The Muscular Dystrophy Center at Johns Hopkins is affiliated with the Muscular Dystrophy Association and offers diagnosis, symptom management, education and hope for a brighter future to patients and families living with neuromuscular diseases. Johns Hopkins has pioneered many of the therapies used in the treatment of these diseases today and continues to lead the scientific community toward finding the cause of and cure for neuromuscular diseases. In the meantime, our goal is to help patients maximize independence and minimize complications of these conditions.
Conditions We Treat
In addition to muscular dystrophies, our team treats other types of muscle disorders, including inherited nerve disorders, motor neuron disease and disorders of the neuromuscular junction.
Our Multi-Specialty Approach
Our focus is on your health and quality of life. People diagnosed with neuromuscular conditions benefit from a lifelong partnership with the care team. We look forward to forming that unique partnership with you. We offer a variety of services, many provided conveniently during same-day appointments, to help with all aspects of the disease. Our same-day multi-specialty evaluation approach is not only convenient, but also facilitates better care, as all the participating specialists are in the same clinic and can confer with each other about the best care plan.
Our neurologists oversee patient needs, provide medical treatment and direct care to other specialists. Depending on your diagnosis, a neurologist may provide treatment with a variety of medications, including pain medications, corticosteroids and immunomodulation agents. A neurologist will manage these treatments and help adjust the dose and minimize side effects.
Physical and occupational therapy are important components of a treatment plan for patients with muscular dystrophy and other neuromuscular disorders. Physical and occupational therapists design exercise programs that include stretching and strengthening exercises to help evaluate and address:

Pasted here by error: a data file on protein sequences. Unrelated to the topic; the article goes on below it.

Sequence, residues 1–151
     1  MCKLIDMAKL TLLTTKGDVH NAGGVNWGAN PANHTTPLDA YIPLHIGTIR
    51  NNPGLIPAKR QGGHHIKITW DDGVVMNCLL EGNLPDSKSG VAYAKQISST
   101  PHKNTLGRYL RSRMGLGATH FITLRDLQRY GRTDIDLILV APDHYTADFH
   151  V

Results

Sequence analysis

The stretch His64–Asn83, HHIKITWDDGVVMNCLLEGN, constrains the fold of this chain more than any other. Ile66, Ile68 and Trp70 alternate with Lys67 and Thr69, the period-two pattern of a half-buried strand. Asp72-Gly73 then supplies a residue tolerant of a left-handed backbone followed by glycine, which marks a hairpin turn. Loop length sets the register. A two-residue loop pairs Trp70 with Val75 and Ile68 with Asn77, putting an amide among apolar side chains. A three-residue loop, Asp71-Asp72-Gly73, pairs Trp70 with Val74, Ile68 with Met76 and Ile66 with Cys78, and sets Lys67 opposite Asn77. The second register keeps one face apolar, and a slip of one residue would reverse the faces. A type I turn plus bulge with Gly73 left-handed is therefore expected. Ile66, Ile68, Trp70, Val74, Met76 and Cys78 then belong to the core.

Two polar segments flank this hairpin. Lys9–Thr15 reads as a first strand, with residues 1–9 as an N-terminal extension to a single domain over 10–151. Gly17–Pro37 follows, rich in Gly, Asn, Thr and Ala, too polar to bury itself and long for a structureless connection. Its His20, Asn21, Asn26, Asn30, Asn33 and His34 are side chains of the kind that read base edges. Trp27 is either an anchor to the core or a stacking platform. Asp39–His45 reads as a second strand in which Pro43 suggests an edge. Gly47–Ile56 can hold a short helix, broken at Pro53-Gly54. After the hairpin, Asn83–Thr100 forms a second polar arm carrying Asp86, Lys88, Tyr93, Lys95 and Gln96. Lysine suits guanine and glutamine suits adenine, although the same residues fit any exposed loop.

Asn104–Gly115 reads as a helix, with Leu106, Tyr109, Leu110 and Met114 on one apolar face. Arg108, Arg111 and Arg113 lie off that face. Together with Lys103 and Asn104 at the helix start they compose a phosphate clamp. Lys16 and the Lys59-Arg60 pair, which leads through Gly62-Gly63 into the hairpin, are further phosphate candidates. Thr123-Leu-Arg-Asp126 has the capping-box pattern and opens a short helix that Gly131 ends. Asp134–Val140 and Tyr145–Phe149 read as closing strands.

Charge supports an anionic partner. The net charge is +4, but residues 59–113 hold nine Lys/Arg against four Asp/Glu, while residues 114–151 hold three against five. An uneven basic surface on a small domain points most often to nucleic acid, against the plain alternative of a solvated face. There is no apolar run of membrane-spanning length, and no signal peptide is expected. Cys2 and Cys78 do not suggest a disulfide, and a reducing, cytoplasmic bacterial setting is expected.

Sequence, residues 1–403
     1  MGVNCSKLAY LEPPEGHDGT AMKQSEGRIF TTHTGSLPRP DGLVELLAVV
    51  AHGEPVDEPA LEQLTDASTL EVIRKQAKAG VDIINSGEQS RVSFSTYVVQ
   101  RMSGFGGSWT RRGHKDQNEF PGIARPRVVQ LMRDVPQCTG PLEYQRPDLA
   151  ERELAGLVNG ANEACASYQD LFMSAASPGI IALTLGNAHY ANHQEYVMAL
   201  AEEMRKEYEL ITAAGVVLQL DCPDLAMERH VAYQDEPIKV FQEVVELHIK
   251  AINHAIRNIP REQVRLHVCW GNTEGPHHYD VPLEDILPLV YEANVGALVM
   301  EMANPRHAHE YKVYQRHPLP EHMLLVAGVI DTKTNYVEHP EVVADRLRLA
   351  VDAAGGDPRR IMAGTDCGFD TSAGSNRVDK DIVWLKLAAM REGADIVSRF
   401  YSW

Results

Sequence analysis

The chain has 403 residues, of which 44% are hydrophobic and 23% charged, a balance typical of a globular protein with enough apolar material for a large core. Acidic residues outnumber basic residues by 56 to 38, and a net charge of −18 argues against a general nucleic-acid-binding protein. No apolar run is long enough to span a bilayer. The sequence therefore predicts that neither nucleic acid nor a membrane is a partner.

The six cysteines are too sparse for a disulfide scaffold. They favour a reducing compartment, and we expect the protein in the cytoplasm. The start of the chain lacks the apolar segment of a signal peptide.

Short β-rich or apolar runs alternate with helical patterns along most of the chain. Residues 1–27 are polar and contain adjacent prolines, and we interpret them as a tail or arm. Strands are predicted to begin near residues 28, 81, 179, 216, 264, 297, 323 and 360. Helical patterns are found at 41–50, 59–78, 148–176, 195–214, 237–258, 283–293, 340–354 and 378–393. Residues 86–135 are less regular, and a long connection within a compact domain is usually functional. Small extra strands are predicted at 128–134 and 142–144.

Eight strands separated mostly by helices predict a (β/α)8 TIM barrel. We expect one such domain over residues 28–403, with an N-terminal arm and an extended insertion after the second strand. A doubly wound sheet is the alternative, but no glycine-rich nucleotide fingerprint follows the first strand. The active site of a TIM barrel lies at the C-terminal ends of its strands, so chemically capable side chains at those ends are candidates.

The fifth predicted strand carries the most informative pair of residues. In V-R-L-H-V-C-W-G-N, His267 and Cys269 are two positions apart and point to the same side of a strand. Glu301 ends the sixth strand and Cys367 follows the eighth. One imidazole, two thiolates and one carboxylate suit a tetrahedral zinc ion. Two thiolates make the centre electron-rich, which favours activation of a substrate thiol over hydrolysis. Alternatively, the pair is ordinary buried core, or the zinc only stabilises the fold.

- Contractures (decreased flexibility in the joints)
- Need for assistive devices
- Need for splints and orthotics to help with hand or foot function
Rehabilitation therapists are available during the clinic visits to show patients exercises that can be done at home.
Our Muscular Dystrophy Association (MDA) liaison is actively involved with families and schools to offer support related to social, financial and educational effects of neuromuscular disease. An MDA liaison is available during each clinic visit to discuss MDA services available to you.
The MDA was founded in 1950 to provide medical services and promote research for patients with neuromuscular disease. In the late 1960s, The Johns Hopkins Hospital became the site of one of the original clinics associated with the MDA and remains one of the largest hospital-affiliated MDA clinics.
Although muscular dystrophy has always been a focus of the MDA, the association supports people with other neuromuscular diseases. At every visit to the Muscular Dystrophy Center at Johns Hopkins, patients have the opportunity to meet with MDA representatives to learn what services are available to them.
For registered individuals, the MDA offers support groups, summer camp, youth programs, transportation assistance and many other services.
The support of the MDA has helped make the Muscular Dystrophy Center at Johns Hopkins a place where patients find care for all aspects of their condition. This unique, comprehensive care is rewarding for health care providers, patients and family members.
Our genetic counselors play important role in the care of patients with inherited neuromuscular disorders. Our counselors can help by:
- Carefully reviewing the history of disease with each family
- Discussing the mechanisms of inheritance to weigh in the value of genetic testing for various family members
- Helping gene carriers understand the health impact of their condition
If a neurologist can’t make a diagnosis based on the symptoms or a presence of a genetic mutation, further testing may be necessary, which may include:
- Muscle biopsy can help determine if weakness is caused by muscular dystrophy, an inherited disorder, or by other causes of muscle degeneration such as from inflammation or toxic exposure.
- Electrodiagnostic testing (EMG)
- Blood tests
- CT or MRI imaging can help detect a tumor of the thymus gland in patients with myasthenia gravis.
People with muscular dystrophy and other neuromuscular disorders often have problems with heart function such as cardiomyopathy and cardiac arrhythmias. Our cardiologists review EKG and echocardiograms to monitor the heart rhythm and heart function.
Muscular dystrophy and other neuromuscular disorders may affect many organ systems throughout the body. Our extended care team has expertise and experience in treating patients with these conditions.
- Hearing specialists help assess and treat hearing loss, which can affect patients with FSH dystrophy
- Ophthalmologists help with retinal vasculopathy and other vision problems
- Severe contractures and scoliosis are treated by orthopedic surgeons
- Pulmonologists to help with lung function and respiratory issues